Tuesday, April 15, 2014

Let's Make It Ok To Be Needy

Sometimes you read yet another Christian book and instead of the warm fuzzies it triggers a deep and unmet need. A vision for the whole community of believers where there was formerly blindness and unseeing. A sudden realization of the plank in the proverbial eye. Our collective eye. Who are we seeing and writing about? It's important.

Dear Christians Who Write About Faith,

Please stop this endless parade of heroes and stop telling us we all have to be one. I am tired. Body, soul, and mind. And I don’t want to be a savior anymore. Stop telling me we all have to be the saviors. Don’t give me only the stories that look like do-gooding.

Don’t just tell me the story about that sacrificial single taking care of orphans.

Tell me about the orphans. And how their needs and dependence are part of the ministry, too.

Refrain from telling me again how someone’s organization is Changing The World and show me how the underprivileged are pretty cool, too. (Without condescension; have you noticed that?) If we are so poor in spirit then why are we always talking about the champions in the tale? Why must every tale include Mighty Marvels?

Maybe the appeal corresponds directly with our ability to overcome?

A hero overcomes.

What if we can’t overcome? What if we are the ones
who wait forever beside the healing pools
to be helped; to wade in? What if we have waited all our lives?
What if we are waiting still? But no, we must talk, talk,
talk about the Peter and the Paul, or the faithful martyr.
The naked man with demons? Nobody wants to see that.
Nor do we look fondly upon the Girl Who Was Dead
as one of the Top Ten of good book notables.
She was a mere recipient of a miracle. The Dependent.
Eyes on Jesus here, please. We like pizzazz. Pretty people,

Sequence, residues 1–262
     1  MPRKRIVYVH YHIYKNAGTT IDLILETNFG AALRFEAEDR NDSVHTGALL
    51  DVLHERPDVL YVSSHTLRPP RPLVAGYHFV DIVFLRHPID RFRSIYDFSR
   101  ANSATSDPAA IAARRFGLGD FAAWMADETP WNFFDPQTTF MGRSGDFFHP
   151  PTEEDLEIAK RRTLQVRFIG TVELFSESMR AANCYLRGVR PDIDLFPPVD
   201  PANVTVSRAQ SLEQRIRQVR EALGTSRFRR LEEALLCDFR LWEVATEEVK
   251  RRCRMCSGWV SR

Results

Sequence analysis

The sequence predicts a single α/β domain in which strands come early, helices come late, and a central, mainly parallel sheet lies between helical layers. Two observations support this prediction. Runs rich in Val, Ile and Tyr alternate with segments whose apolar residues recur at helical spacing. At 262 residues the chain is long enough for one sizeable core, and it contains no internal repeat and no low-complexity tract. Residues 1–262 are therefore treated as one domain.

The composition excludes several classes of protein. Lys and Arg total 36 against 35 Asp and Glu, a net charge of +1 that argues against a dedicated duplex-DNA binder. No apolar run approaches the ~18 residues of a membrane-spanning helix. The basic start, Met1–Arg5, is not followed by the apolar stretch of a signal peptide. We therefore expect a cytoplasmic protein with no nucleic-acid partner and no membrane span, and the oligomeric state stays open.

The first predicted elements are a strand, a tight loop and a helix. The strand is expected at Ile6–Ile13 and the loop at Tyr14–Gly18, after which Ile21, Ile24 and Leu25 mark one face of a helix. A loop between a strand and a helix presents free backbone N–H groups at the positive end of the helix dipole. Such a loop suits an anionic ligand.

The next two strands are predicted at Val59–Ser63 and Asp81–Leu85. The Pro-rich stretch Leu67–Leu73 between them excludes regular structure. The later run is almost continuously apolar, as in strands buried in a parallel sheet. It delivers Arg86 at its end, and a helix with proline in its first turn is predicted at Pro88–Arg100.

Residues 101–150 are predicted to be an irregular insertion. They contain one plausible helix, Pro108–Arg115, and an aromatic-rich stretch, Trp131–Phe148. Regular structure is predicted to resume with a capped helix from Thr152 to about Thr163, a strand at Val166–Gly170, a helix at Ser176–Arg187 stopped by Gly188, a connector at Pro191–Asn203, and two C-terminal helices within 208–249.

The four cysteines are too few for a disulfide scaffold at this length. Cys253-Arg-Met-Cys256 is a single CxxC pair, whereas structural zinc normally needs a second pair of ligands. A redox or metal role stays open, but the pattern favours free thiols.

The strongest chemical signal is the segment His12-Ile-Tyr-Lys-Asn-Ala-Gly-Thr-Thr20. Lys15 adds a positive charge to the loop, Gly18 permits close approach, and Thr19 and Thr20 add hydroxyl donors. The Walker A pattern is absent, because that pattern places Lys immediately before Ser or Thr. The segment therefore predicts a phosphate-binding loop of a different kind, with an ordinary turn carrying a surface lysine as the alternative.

miracles, romantic jobs. Everyone covets romantic jobs
and romantic job stories. I wonder from what our aversion
to mundane life stems? An unacknowledged fear, perhaps.
We did not notice nor could we see, so busy were we
doing The Lord’s Work.

The Lord's Work? Oh dear God what I would give to have a volume of Jesus’ carpenter days. Maybe a journal.

I imagine what it might say:

“Had another full day sanding for the next project. I always get to sand because Joseph says I am so thorough at making smooth the rough places. It gets a little tiresome, but I think of the beauty of all the pieces coming together into one final masterpiece. My Father chose wisely in placing me here. Still, some days I do get a little bit bored. Sometimes it feels like even my callouses hurt. There is not enough magic in my fingers to keep preserve me from this pain. I am looking forward to Sabbath. Someday, I’m going to wander the desert and bask in all that time to myself. Maybe my hands will stop aching.”

Wouldn’t that have been something? A journal of the mundane? Of Jesus doing The Lord's Work?

People, I’m tired of pretty. I’m tired of romantic. I’m tired of jobs and roles and boxes and gates.

I’m tired of all this focus on the great people building the kingdom and what a big beautiful sacrifice it is and how the unseen will one day be seen and acknowledged like all the Important Ones but not until we all reach The Other Side.